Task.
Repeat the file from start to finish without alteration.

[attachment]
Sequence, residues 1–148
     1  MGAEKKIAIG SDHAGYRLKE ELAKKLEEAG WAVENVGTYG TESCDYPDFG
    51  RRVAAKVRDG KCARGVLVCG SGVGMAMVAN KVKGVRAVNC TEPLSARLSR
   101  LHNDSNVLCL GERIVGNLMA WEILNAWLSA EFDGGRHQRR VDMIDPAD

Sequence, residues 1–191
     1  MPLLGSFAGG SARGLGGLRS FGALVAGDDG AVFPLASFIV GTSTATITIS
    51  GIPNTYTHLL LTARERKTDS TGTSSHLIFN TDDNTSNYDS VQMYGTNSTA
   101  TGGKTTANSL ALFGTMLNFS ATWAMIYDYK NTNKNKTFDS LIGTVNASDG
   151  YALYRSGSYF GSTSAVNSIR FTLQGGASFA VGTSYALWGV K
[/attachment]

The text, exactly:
Sequence, residues 1–148
     1  MGAEKKIAIG SDHAGYRLKE ELAKKLEEAG WAVENVGTYG TESCDYPDFG
    51  RRVAAKVRDG KCARGVLVCG SGVGMAMVAN KVKGVRAVNC TEPLSARLSR
   101  LHNDSNVLCL GERIVGNLMA WEILNAWLSA EFDGGRHQRR VDMIDPAD

Sequence, residues 1–191
     1  MPLLGSFAGG SARGLGGLRS FGALVAGDDG AVFPLASFIV GTSTATITIS
    51  GIPNTYTHLL LTARERKTDS TGTSSHLIFN TDDNTSNYDS VQMYGTNSTA
   101  TGGKTTANSL ALFGTMLNFS ATWAMIYDYK NTNKNKTFDS LIGTVNASDG
   151  YALYRSGSYF GSTSAVNSIR FTLQGGASFA VGTSYALWGV K